20.56 cubic feet, including textual materials, sound recordings, photographs, and videocassettes.
Arranged in 4 accessions: 1. Accession No. 1695-003, George Edward Taylor sound recording, 1966; 2. Accession No. 1695-004, Oral history interview with George Edward Taylor and Richard Louis Walker, 1992; 3. Accession No. 1695-005, Oral history interview with George Edward Taylor, 1986; 4. Accession No. 1695-007, George Edward Taylor papers, 1932-1999.
The George Edward Taylor papers document Taylor's career as professor and chair of the University of Washington Far Eastern and Russian Institute (now the Jackson School of International Studies), scholar in Chinese studies, government expert on Asia, proponent of foreign trade, and wine enthusiast. The records span the period 1932 to 1999. Records include correspondence, conference files, research files, sound and video recordings, curriculum files, ephemera, interviews, lectures, news releases, photographs, and reports. Major correspondents and others significantly represented in the papers include Karl August Wittfogel, John K. Fairbank, Herbert S. Little, Benjamin S. Kizer, Charles E. Martin, Raymond B. Allen, Charles P. Rockwood, Pendleton Herring, Bryce Wood, John M.H. Lindbeck, Richard Lewis Walker, the University of Washington Far Eastern and Russian Institute, Yanjing da xue (Yenching University), the University of the Philippines American Studies Program, the Chinese History Project, the American Council of the Institute of Pacific Relations, the Joint Committee on Contemporary China, the Joint Committee on Sino-American Cooperation in the Humanities and Social Sciences, Tryout Theatre (Seattle, Washington), the United States Board of Foreign Scholarships, the United States Office of War Information Overseas Operations Branch, and the Washington Council on International Trade.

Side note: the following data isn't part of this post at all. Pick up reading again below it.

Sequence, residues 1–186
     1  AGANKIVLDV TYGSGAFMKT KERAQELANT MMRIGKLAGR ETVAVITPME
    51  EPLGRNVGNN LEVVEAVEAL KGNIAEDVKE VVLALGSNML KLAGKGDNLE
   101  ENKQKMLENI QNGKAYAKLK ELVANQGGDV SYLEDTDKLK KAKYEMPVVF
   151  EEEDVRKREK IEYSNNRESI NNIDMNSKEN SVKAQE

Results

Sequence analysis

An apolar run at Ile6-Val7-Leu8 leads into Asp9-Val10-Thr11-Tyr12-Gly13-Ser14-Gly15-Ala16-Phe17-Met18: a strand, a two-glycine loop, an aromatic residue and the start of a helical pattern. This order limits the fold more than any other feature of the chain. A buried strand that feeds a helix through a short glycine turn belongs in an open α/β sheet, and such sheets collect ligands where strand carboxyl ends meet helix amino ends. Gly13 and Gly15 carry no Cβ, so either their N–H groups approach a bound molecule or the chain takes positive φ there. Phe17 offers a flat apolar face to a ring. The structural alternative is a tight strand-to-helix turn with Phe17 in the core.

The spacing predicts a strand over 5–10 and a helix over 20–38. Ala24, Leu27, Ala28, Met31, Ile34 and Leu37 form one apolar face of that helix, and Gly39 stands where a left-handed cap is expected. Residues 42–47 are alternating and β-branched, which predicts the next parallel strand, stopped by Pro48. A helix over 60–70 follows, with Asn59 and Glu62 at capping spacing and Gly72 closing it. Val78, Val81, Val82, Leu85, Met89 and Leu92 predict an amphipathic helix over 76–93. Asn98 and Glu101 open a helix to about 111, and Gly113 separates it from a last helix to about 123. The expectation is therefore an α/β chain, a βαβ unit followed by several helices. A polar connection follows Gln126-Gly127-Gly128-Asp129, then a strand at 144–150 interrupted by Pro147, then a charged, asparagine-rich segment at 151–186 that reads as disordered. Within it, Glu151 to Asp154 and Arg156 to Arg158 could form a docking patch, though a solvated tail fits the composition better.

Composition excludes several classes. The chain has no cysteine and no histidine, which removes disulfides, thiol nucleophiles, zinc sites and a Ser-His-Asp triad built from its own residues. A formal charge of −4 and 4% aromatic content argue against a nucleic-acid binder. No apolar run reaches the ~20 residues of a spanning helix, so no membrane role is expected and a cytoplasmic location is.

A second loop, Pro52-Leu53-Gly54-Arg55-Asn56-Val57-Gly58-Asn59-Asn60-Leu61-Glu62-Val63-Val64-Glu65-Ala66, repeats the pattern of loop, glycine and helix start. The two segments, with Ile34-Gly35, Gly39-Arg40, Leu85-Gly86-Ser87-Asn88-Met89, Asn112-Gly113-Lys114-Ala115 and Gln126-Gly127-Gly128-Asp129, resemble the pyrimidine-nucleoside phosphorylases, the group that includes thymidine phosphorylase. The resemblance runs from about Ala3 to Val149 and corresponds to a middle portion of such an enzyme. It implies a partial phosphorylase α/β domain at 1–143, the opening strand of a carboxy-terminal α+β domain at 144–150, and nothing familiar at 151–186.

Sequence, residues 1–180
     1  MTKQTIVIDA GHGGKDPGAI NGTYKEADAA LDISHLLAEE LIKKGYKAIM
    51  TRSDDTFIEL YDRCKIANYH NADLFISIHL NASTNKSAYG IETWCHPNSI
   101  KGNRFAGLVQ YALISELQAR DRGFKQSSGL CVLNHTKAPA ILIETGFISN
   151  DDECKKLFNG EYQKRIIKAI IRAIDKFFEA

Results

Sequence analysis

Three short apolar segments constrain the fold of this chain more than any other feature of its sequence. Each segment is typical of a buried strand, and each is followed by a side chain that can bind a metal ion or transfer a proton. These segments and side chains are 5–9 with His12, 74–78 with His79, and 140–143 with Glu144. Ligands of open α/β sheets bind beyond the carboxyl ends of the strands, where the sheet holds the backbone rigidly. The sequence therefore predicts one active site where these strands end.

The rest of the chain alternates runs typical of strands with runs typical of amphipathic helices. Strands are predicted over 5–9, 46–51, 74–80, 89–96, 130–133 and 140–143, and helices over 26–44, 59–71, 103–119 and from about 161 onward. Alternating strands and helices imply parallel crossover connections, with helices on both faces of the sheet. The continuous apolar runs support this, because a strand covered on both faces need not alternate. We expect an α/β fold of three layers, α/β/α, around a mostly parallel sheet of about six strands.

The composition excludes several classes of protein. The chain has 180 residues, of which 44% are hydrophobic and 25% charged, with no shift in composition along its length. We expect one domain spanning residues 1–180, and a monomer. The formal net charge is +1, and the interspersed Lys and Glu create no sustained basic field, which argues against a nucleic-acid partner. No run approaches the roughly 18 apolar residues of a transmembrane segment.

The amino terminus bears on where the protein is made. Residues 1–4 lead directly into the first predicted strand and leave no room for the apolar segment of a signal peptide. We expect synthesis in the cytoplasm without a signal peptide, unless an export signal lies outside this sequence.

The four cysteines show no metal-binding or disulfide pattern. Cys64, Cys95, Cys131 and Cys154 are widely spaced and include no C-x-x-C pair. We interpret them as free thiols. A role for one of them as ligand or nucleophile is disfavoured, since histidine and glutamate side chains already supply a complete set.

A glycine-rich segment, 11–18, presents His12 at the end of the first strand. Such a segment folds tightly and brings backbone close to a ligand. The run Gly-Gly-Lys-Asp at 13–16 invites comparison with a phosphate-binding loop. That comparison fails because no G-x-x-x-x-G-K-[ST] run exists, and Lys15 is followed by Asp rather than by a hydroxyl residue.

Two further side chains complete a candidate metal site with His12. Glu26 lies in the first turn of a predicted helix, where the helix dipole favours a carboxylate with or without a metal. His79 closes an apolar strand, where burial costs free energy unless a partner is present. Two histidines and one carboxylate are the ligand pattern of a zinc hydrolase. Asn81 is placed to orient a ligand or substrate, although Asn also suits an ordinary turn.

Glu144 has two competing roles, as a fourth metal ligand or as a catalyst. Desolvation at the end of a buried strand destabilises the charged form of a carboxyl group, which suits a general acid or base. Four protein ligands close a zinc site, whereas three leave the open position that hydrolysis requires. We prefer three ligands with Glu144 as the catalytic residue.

George Edward Taylor (1905-2000) was a scholar of Chinese studies and director of the Far Eastern and Russian Institute at the University of Washington from 1946 to 1969. Considered one of the founders of modern Chinese studies in the United States, Taylor recruited internationally known scholars of the Soviet Union, China, Japan, and other countries to the institute in the 1940s and 1950s, and helped attract extensive federal and foundation support for international studies at the university. As deputy director of the U.S. Office of War Information for the Pacific Region during World War II, he established the Foreign Morale Analysis Division, which tapped the expertise of leading social scientists to study Japanese value systems in order to formulate psychological warfare and military policy against the Japanese, as well as policy toward the Japanese surrender. After the war, Taylor spoke out against the decision to drop atomic bombs on Japan, arguing that it was not based on evidence of Japanese intentions. Taylor was an outspoken opponent of U.S. recognition of the communist government of China in the 1950s and 1960s, and a supporter of U.S. policy in Vietnam in the 1960s and early 1970s.
Access to the papers is partially restricted; contact the Special Collections division of the University of Washington Libraries for more information.
George Edward Taylor Papers. Special Collections, University of Washington Libraries, Seattle, Washington.
The literary rights for Taylor's papers have not been transferred to the University of Washington Libraries.
Materials are in English and Chinese.
A finding aid to the records is available in the Special Collections division of the University of Washington Libraries and on the World Wide Web.